Monday, June 13

Apple iCloud: How vs What

Apple iCloud: How vs What | Technology |

A well written piece by, written by Jean-Louis Gassée.

Bit of background for those of you that don't remember:
Back in 1985 Steve Jobs was in a fight with John Sculley, Apple's then-CEO. (This was shortly after the Macintosh, Steve Jobs's baby, came to market.) At the end of this power struggle Sculley relieved Jobs of his duties as the head of the Macintosh Division, and Jobs sold all stock in Apple (save for 1 share) and left the company, eventually buying Pixar and starting NeXT computer.

Well, after Steve Jobs left, Sculley appointed Jean-Louis Gassée to head the Macintosh division. Just an interesting tidbit there.


There's a couple of tidbits that I thought were very good in this article, but namely the points that I've been struggling with a bit, so I'll outline those.

Google Docs -- Everything is stored in the cloud, accessible via the browser, and you can work on a single document with others, simultaneously. I love this approach, but only for the last part. The simultaneous part. It's the best group-work collaborative product there is. Sharepoint is plain awful, as so is the mailing of documents back and forth trying to get them right. Google Docs, right now, is the answer to that.

iCloud/Documents in the iCloud -- Apple views this differently. Instead of having a browser to access your documents that are "stored" in the cloud, they view the experience as having the documents stored locally, but also pushed up to the "iCloud" and then back down to all devices. That way keeping the documents on all your devices in "sync" all the time. (Apple doesn't use the word sync.) The only thing that this defeats is the collaborative simultaneous work-part.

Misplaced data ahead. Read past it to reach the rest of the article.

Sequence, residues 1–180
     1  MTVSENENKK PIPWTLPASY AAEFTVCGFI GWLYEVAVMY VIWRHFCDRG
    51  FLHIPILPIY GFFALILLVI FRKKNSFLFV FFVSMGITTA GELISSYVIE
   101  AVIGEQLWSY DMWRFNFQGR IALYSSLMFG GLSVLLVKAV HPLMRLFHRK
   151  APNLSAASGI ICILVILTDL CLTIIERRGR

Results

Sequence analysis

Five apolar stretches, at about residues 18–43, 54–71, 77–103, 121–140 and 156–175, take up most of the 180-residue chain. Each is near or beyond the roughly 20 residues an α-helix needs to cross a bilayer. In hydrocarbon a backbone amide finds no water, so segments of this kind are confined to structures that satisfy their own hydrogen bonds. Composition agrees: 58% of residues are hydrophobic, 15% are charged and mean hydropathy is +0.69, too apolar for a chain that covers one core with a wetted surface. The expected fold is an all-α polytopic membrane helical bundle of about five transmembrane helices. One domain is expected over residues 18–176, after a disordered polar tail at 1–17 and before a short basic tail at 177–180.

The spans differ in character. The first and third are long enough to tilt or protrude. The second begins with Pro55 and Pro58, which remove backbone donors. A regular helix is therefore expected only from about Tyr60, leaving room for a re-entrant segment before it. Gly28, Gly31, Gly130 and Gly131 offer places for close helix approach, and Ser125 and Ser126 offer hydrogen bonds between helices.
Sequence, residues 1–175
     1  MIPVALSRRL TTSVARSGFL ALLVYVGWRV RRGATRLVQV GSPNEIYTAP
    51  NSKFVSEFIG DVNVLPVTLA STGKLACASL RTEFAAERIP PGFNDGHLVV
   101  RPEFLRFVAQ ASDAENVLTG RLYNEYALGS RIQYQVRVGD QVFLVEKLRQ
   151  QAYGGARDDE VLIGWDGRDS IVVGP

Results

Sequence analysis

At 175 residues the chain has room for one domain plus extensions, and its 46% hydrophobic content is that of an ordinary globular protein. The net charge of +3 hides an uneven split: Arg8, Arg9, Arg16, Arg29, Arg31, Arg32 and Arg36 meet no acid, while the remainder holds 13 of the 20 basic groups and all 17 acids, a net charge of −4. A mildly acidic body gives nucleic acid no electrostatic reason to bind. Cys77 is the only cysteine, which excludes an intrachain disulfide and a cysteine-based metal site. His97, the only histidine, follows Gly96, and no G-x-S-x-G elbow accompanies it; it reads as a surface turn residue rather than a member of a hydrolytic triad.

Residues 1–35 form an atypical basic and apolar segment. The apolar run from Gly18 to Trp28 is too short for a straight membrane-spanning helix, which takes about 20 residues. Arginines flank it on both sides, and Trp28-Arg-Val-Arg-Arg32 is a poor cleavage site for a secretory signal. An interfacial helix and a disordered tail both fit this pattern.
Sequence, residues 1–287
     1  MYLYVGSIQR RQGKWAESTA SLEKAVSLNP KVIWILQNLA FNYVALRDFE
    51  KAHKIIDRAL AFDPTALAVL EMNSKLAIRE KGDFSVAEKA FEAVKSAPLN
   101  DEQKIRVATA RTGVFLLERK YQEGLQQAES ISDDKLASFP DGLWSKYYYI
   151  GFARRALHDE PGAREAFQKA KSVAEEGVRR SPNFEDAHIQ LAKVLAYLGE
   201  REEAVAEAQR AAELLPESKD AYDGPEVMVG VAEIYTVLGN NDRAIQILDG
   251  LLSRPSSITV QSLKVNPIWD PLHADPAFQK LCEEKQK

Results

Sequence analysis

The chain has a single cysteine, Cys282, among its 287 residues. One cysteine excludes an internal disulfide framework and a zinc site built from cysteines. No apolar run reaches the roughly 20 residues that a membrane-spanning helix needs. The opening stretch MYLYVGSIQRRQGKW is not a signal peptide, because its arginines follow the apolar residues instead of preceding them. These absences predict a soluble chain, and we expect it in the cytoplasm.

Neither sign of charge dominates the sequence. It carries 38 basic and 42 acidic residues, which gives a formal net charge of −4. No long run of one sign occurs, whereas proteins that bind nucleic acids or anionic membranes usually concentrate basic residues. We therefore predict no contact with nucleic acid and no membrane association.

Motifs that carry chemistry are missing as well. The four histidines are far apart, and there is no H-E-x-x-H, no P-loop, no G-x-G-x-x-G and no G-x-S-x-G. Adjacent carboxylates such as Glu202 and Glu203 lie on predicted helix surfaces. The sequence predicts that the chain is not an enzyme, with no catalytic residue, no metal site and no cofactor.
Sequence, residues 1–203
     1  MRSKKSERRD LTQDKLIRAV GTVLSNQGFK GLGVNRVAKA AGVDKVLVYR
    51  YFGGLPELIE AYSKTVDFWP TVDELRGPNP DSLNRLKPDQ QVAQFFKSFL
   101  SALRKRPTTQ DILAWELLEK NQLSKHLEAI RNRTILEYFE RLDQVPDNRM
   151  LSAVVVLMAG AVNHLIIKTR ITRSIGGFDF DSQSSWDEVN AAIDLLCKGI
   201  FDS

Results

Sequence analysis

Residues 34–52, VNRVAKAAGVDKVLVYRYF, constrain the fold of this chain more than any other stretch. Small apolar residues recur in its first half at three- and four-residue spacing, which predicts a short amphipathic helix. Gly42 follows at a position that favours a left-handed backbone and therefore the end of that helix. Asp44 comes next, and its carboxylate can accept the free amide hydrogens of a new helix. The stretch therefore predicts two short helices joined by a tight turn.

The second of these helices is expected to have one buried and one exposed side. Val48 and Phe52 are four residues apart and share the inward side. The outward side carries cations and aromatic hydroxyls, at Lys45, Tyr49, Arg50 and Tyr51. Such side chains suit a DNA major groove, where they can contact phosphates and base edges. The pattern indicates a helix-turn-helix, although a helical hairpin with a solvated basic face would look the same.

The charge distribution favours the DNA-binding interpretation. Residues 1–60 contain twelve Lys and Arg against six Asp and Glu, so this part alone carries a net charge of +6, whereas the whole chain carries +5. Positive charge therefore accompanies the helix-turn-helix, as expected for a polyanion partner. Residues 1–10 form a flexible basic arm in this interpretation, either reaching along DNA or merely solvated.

Apple has had around for awhile, in beta, and I've used it a couple times with my co-workers. Upload a document, and then the people who have access to the document can download it, view it, make comments on it, share it, etc. But they can't EDIT it.

It's the only foothold I think Google has right. Otherwise, I like Apple's approach. I hate editing documents in the browser. But it works.

We'll see.

Please leave comments below.

Sunday, June 12

Mac OS X Lion beta reveals "Restart to Safari" browser-only mode

Mac OS X Lion beta reveals "Restart to Safari" browser-only mode

From Engadget.

As the article says, in OSX Lion there is apparently a way to reboot your machine into "browser only" mode. Could be useful in a couple of situations.

A) If you are going to leave your computer unattended, maybe at home, and you want to allow people to check their email.
B) Kiosk mode. Maybe a computer sitting in a public area?

I don't think they are going for a play against ChromeOS here as the article sort of implies. Either way, interesting.

Please leave comments below.

Friday, June 10

Some pictures of the All-Ford Carlisle 2011 Event

For those of you that read the blog and are interested in cars.  Thought I'd show a few pictures of the All-Ford Carlisle 2011 Event that I attended last weekend.

Please leave comments below.

A shortcut to make a PDF out of a webpage and save it to

While on MacOS (and iOS) you can use the Share Sheet from Safari to share a webpage to Notes, it only shares the title, URL, and the favicon...